In announcing its 2011 budget this week, the US government proposed making some sweeping changes to NASA. But no matter how radical any NASA shift might be, the space agency needs to address some common, and long-standing challenges if it expects to truly move toward the future.
That was the over-arching message delivered in a Government Accountability Office report released today that said among other things, that while the space agency faces radical changes, one thing that will most likely remain constant is NASA’s need to manage programs and projects with far less money.
“This will require hard choices among competing priorities within the organisation, which must balance its core missions in science, aeronautics, and human space flight and exploration. In addition, NASA will be competing for an ever shrinking share of discretionary spending against other national priorities such as the economy, fighting terrorism, and health care reform,” the GAO stated.
The GAO went on to say that while NASA has had significant achievements exploring space, helping the world understand Earth’s environment, and conducting fundamental aeronautical research, it has not achieved the same level of success on its business side. For 20 years, NASA acquisition management has been on GAO’s list of federal programs and operations at high risk and vulnerable to fraud, waste, abuse, and mismanagement, the GAO stated.
With that background in mind the GAO highlighted 4 key areas that will continue to challenge NASA no matter how radically it shifts priorities.
Space shuttle retirement
The shuttle is set for five more missions to help complete the International Space Station. In its 2011 budget, the Administration is proposing over $600 million to ensure that the space shuttle can fly in case the space shuttle’s schedule slips into fiscal year 2011.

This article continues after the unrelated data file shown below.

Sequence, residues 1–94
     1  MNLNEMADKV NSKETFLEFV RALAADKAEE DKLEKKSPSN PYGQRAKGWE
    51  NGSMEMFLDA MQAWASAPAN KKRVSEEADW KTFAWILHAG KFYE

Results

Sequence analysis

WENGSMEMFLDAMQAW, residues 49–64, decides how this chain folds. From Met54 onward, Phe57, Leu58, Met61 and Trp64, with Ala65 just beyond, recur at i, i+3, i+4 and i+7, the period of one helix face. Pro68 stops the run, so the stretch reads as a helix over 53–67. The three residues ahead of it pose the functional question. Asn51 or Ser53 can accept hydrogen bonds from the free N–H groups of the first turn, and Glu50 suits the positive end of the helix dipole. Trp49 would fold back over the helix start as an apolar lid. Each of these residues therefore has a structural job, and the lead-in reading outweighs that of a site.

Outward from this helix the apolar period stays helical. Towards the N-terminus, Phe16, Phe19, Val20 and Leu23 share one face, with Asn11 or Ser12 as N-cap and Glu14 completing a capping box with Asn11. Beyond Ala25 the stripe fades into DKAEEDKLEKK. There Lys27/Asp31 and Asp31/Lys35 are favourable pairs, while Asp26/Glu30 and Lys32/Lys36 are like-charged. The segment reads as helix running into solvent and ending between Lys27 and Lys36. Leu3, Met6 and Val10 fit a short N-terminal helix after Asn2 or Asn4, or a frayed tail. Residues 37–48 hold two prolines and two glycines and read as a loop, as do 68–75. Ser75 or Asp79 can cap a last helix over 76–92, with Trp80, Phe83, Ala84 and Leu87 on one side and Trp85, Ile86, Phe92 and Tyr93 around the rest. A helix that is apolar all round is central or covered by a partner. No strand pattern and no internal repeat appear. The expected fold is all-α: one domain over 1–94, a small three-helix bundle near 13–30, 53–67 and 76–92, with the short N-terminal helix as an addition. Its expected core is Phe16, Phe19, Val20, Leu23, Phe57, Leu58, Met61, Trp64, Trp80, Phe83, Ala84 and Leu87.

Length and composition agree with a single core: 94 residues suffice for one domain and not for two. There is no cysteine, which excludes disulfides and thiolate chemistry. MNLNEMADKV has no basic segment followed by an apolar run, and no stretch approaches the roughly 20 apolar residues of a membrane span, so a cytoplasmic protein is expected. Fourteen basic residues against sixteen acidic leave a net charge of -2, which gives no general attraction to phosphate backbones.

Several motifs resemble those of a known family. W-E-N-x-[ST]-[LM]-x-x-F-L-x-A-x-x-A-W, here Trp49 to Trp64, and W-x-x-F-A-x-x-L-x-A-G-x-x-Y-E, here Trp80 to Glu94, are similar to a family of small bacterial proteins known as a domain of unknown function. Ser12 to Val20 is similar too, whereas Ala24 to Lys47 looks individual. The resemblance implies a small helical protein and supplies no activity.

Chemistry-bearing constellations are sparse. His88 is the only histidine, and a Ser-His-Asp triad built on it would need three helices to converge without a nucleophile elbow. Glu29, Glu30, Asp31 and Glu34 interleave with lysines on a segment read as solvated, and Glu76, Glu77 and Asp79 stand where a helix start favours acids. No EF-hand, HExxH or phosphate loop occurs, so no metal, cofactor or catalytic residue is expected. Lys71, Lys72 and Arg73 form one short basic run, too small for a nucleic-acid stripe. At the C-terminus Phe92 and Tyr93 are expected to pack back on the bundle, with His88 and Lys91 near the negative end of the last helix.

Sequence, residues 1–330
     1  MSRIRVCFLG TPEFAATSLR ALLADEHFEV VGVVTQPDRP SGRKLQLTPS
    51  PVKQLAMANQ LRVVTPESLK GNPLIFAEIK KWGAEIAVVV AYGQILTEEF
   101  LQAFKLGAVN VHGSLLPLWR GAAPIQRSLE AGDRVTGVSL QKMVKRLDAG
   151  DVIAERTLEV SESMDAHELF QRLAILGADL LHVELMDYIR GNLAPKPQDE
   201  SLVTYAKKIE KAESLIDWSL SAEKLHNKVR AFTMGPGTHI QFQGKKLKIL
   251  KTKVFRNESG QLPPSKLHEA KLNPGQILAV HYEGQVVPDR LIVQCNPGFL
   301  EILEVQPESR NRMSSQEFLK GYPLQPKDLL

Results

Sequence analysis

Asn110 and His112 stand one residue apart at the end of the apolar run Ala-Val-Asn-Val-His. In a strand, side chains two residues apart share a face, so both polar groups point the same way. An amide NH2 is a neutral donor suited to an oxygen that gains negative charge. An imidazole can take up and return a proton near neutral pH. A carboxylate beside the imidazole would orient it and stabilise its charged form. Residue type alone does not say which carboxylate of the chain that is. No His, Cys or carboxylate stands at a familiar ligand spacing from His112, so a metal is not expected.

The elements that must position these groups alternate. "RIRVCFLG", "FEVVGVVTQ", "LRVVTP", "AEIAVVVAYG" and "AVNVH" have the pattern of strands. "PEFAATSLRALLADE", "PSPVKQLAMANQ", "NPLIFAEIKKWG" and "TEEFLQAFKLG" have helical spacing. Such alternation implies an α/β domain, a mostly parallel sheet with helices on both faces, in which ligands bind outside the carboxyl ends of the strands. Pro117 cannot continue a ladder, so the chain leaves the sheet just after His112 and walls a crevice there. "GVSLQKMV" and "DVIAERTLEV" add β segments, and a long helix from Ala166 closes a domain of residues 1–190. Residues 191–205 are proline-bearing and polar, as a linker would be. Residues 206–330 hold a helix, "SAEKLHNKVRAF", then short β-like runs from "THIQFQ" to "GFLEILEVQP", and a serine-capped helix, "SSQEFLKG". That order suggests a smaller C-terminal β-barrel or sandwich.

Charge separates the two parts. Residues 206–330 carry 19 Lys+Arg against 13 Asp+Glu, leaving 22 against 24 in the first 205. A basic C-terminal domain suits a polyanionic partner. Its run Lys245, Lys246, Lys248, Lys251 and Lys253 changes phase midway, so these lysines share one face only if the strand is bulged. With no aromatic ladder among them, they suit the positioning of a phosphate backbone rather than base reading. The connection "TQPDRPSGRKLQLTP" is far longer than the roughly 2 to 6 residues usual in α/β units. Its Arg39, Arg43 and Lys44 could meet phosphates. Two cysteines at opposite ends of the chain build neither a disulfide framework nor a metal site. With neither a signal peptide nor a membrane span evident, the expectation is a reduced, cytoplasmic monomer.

Retirement of the shuttle will involve many activities that warrant special attention. “These include: disposing of the facilities that no longer are needed while complying with federal, state, and local environmental laws and regulations; ensuring the retention of critical skills within NASA’s workforce and its suppliers; and disposing of over 1 million equipment items. In addition, the total cost of shuttle retirement and transition—to include the disposition of the orbiters themselves—is not readily transparent in NASA’s budget,” the GAO stated. “NASA has recognised that sustaining the shuttle workforce through the retirement of the shuttle while ensuring that a viable workforce is available to support future activities is a major challenge.”
Getting the most from the ISS
According to the GAO, the ISS faces several significant challenges including: The retirement of the Space Shuttle and the loss of its unmatched capacity to move cargo and astronauts to and from the station; the uncertain future for the station beyond 2015; and the limited time available for research due to competing demands for the crew’s time. Unless the decision is made to extend station operations, NASA has only 5 years to execute a robust research program before the International Space Station is deorbited. The leaves little time to establish a strong utilisation program, the GAO stated.